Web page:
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Personal Flights, a Closer Reality

With various eVTOL aircraft taking shape across the globe to transform the air mobility and everyday commute, some have even started to successfully test manned flights

Issue: 11-2020By Ayushee ChaudharyPhoto(s): By Kitty Hawk
Heaviside is a single-passenger vehicle with a range of 100 miles, speeds of up to 180 mph, and the ability to fly over cities

Almost every person dwelling in an urban city especially a metropolitan one, across the globe has had an encounter with congested roads, loud honking, cars moving bumper to bumper, delays to the destination and accompanied frustration. No one would mind commuting in a traffic-less city having some space for their own vehicles. While this may seem like a difficult task looking at the current rate at which urbanisation is expanding, the upcoming eVTOL (electric Vertical Take-off and Landing) human flight aircraft are coming with the promise of a different reality.

Kitty Hawk, a start-up building electric flight transportation solutions, is strenuously working to eradicate the traffic from roads.

Sebastian Thrun, CEO of Kitty Hawk stated that the mission of the company is to get rid of traffic eventually and make traffic congestion a matter of the past. “Our vision at Kitty Hawk is to free the world from traffic. For this vision to become reality, we don’t have to build new infrastructure. Unlike the nation’s highways, which require enormous resources for construction and maintenance, the highways in the sky don’t require any pavement thanks to the sheer limitless potential of the sky,” says Thrun.

Kitty Hawk stems from a legacy which is being built for the future to create the next generation of vehicles for everyday flight. The company has tested 100s of eVTOL prototypes by now.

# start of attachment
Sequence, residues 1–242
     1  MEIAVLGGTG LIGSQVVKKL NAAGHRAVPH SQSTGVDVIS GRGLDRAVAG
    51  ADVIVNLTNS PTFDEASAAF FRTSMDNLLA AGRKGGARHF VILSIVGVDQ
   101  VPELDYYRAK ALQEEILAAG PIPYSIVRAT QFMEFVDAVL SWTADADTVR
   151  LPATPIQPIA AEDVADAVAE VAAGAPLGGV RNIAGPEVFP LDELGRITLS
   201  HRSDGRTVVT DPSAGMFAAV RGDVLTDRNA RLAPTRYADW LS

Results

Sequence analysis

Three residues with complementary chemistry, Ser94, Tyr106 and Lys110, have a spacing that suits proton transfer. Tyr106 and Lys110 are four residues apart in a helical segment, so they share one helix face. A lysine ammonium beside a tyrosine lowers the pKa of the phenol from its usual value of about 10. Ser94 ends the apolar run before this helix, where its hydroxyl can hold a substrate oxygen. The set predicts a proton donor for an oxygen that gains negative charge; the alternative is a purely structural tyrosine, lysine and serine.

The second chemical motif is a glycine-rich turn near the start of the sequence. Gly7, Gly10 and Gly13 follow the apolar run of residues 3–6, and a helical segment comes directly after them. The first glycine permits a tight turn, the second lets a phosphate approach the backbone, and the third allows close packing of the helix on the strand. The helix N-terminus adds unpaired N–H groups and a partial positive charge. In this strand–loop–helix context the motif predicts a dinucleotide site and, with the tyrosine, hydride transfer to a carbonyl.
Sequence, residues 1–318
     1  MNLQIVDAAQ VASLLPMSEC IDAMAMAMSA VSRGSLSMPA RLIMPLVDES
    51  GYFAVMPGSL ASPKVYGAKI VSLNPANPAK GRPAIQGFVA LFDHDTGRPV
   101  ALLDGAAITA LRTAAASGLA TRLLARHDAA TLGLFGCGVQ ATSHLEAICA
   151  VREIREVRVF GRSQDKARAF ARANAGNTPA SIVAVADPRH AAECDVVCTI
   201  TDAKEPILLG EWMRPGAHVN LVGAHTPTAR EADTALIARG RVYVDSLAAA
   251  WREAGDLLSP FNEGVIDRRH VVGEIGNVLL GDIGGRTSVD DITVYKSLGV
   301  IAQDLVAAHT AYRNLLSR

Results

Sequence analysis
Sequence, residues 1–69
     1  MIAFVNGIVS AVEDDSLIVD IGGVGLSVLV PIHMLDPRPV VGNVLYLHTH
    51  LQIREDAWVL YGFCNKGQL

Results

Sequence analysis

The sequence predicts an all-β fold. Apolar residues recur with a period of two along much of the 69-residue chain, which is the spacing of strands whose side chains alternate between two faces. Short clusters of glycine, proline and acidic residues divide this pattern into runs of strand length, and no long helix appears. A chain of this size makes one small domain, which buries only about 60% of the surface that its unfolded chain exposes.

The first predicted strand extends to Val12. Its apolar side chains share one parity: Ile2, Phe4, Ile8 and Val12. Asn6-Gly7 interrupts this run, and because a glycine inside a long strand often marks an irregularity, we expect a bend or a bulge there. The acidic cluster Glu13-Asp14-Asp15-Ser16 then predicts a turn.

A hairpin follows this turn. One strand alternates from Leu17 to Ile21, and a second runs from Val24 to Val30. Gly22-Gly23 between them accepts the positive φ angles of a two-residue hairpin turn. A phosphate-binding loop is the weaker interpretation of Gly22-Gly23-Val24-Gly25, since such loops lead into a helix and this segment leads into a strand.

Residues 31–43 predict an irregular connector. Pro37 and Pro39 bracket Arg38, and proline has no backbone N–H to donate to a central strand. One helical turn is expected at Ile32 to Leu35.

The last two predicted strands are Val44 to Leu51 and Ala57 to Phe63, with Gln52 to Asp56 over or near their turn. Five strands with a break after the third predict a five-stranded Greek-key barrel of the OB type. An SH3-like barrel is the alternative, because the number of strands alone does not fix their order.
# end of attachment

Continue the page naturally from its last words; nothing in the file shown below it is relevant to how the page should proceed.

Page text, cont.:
Nearly five years ago, Kitty Hawk had started the Flyer project. Seen as a revolution in personal flight, the Flyer was designed to be an ultralight aircraft. This was a single-seater eVTOL powered by 10 independent lift fans and operated between three to ten feet off the water. At 250 pounds empty weight, it fell into a category of aircraft that could be flown by anyone — FAA Part 103, which regulates ultra-lightweight aircraft, permits recreational use of these aircraft even if pilots don’t hold a pilot’s license. People could safely operate Flyer — and become a pilot — with less than two hours of training. Even though it was projected as a recreational aircraft at that time, it did aim at changing commute scenario in urban cities.

A major highlight of the Flyer Project was its simplistic operation and control management system that made it very easy to operate. “On a single day, we trained 50 new novice Flyer pilots, none of whom were licensed. Overall, we conducted more than 25,000 successful flights crewed and uncrewed with our Flyer fleet — a huge number. The feeling of being inside a human drone is hard to describe,” the company stated. Kitty Hawk built and flew 111 aircraft and over 75 people flew Flyer.

“Unlike the nation’s highways, which require enormous resources for construction and maintenance, the highways in the sky don’t require any pavement,” says Sebastian Thrun, CEO of Kitty Hawk

Even though the Flyer took us closer to human flight in a personal aircraft, it could not become a very viable business model. And recently, Kitty Hawk announced that they are winding down the Flyer project. The company is now doubling down on Heaviside as their primary platform. First deployed in 2019, Heaviside is a single-passenger vehicle with a range of 100 miles, speeds of up to 180 mph, and the ability to fly over cities.

The current Heaviside prototype uses about 120Wh per passenger mile, and does so at twice the speed of the Leaf: 100 mi/hr. “We can save another 15 per cent of energy because while roads are not straight, flight paths usually are. Altogether, Heaviside requires 61 per cent as much energy to go a mile.

With over 237 successful transitions from hover to forward flight, Heaviside is equipped with a custom aircraft recovery parachute as a supplemental safety system. Through hundreds of test flights, Heaviside has continued to prove exceptional handling of singlesystem faults common-mode failures.